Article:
To my amazement, it worked. I was excited and at the same time sad, with feeling of little guilt. I didn't know why. lol. I said to myself, 'I am not doing the right thing :(' and also asked myself, 'Is react as crazy as this?'

I headed back to google to make some more research and got to discover that the webpack that React (create-react-app) automatically installed had been configured to use the public folder (at the same level with src folder) for relative URLs (such as my image URL).

Using ...<img src={'../img/deee.jpeg'} />..., React was actually checking the public folder for the image sub-directory which it couldn't find.

Solution

1. Change the location of the image folder

I changed the location of the image folder making it a sub-directory under the public directory and it worked as expected.

2. Use the require keyword

Just as the import keyword is used for relative URLs, the require keyword does same. So, I was able to do this;

import React from 'react'
 
let dpStyle = {
    // Some styles
}
 
let Profilepic = () => (
    <div className={dpStyle}>
        <img src={require('../img/deee.jpeg')} alt='My profile picture'/>
    </div>
)
export default Profilepic;

and in the other pages where the Profilepic component was required and used, my image displayed perfectly. :D

Like I said, I am still a newbie at ReactJS but I hope this little experience would be helpful for you too. There are other super powers of webpacks too which I would still be learning. Please do share in the comment section corrections on this article and also helpful Tips.

I'll be documenting my experience in my ReactJS journey as much as I can. Stay tuned and thanks for reading.

Originally published by Megida Dillion at dillion.hashnode.dev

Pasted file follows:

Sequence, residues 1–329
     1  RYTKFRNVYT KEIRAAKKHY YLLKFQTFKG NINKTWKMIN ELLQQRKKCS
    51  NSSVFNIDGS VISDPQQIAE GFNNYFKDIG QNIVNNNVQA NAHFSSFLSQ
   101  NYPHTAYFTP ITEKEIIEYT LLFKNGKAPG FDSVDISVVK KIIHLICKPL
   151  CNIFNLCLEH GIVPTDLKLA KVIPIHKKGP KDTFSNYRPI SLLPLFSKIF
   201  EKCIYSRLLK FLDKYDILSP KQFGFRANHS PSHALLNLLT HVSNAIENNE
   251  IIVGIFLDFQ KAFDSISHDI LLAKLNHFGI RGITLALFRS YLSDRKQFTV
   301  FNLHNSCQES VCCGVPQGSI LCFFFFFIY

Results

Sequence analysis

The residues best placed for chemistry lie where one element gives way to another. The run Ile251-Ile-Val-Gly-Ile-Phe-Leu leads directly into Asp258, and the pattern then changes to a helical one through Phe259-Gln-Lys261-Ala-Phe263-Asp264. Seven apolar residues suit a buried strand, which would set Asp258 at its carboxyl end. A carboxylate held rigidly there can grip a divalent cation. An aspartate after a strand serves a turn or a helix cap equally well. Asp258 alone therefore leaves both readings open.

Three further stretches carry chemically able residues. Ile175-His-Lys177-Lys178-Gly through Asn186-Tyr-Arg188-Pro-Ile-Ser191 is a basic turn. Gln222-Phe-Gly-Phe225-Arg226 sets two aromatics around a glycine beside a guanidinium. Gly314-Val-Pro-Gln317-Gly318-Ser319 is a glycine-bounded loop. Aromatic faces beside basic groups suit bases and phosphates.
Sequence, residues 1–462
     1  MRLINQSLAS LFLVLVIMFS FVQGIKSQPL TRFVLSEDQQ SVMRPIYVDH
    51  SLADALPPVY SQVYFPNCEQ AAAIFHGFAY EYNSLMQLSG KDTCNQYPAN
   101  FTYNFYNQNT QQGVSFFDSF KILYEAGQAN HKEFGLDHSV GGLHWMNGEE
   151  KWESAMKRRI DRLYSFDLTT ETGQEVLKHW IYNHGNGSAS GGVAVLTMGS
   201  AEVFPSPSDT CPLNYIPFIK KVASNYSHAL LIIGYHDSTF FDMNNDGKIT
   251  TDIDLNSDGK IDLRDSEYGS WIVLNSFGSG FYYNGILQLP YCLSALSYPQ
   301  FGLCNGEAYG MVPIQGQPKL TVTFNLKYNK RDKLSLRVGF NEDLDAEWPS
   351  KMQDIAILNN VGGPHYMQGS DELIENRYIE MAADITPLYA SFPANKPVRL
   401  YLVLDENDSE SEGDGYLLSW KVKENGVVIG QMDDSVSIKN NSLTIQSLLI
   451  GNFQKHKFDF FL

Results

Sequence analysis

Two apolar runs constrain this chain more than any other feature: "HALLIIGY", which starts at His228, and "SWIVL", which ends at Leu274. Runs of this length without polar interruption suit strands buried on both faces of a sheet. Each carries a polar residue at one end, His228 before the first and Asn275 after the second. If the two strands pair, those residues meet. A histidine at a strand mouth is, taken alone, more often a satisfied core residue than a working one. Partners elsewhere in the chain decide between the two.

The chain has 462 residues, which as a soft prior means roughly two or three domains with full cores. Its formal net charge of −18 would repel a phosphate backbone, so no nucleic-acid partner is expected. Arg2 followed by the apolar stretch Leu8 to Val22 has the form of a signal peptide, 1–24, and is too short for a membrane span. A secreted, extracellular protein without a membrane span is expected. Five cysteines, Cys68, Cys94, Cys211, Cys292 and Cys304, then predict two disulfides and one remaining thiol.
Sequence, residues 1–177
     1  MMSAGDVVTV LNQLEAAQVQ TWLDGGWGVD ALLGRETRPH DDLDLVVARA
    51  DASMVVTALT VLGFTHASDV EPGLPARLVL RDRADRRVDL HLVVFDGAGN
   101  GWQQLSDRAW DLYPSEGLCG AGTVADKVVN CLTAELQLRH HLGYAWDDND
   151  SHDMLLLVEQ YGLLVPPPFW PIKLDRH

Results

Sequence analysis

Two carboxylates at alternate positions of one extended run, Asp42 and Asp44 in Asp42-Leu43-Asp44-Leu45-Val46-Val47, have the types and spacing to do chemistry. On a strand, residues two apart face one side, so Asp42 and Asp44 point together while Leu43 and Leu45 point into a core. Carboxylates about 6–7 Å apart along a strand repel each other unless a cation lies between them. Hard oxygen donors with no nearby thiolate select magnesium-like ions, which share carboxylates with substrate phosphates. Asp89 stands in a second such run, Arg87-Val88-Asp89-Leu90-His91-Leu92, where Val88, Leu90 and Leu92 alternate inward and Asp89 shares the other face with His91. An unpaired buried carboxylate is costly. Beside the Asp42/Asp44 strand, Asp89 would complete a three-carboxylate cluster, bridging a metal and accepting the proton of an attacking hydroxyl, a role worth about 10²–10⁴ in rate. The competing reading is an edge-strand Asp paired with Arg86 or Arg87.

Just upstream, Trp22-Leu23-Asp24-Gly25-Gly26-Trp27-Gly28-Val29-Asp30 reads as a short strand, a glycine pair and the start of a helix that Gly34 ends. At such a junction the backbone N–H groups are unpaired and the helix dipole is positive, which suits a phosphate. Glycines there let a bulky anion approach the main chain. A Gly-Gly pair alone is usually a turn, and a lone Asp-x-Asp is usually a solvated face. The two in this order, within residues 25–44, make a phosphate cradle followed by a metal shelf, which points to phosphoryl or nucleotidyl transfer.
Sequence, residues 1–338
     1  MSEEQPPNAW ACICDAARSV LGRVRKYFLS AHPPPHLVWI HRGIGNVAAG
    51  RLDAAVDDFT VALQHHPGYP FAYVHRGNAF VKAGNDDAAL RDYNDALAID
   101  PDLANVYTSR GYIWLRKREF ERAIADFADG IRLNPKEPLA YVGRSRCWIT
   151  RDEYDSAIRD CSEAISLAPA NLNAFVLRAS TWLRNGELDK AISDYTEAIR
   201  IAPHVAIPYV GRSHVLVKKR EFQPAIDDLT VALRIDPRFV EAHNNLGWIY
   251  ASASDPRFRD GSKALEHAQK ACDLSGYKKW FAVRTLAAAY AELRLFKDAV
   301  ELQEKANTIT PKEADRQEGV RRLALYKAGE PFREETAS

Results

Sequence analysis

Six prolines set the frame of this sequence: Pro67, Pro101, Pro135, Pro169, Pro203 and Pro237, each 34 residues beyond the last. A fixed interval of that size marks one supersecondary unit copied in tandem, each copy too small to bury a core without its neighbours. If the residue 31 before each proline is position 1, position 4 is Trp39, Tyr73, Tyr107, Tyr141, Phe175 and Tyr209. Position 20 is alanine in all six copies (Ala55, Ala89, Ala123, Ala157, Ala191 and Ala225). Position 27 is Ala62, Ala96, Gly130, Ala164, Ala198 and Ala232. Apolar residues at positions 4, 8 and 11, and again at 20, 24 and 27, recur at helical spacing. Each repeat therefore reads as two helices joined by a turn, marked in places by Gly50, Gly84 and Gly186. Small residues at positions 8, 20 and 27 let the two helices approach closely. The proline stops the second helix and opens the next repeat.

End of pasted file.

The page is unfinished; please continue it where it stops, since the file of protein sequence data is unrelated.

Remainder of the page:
=======================================================

Thanks for reading :heart: If you liked this post, share it with all of your programming buddies! Follow me on Facebook | Twitter

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☞ Modern React with Redux [2019 Update]

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React Web Development: A Guide to Develop Progressive Web Applications

React Web Development: A Guide to Develop Progressive Web Applications

Outperform your competition with progressive web development and React.

Progressive web applications (PWAs) quickly gained popularity because they are web performance applications based on fast performance, streamlined to provide a mobile app-like experience. PWAs are built using HTML, CSS, and JavaScript to create a level of availability and performance equivalent to that of native mobile applications. They respond quickly, consume less data, store more space, and support push notifications and offline use in the browser.

Building a progressive web application has now become the web development trend that every business wants to follow. Significant players like Twitter and Flipboard have recently rolled out their progressive web apps to provide a mobile experience for users, without requiring them to install the app. In this article, you will learn how to build a progressive web application using React. Let's get started.

Step One — Set up the React Application

First, create a React application with create-react-app. To do so, you need to run the following commands:

  • npm install -g create-react-app
  • create-react-app pwa-app

Now, install React Router:

You need to replace the content of src / App.js using the code below to get a basic template with navigation.

import React, { Component } from 'react';
import { Router, browserHistory, Route, Link } from 'react-router';
import './App.css';

const NavBar = () => (
<div className="navbar">
<Link to="/">Feed</Link>
<Link to="/profile">Profile</Link>
</div>
);

const Template = ({ title }) => (
<div>
<NavBar />
<p className="page-info">
This is the {title} page.
</p>
</div>
);

const Feed = (props) => (
<Template title="Feed"/>
);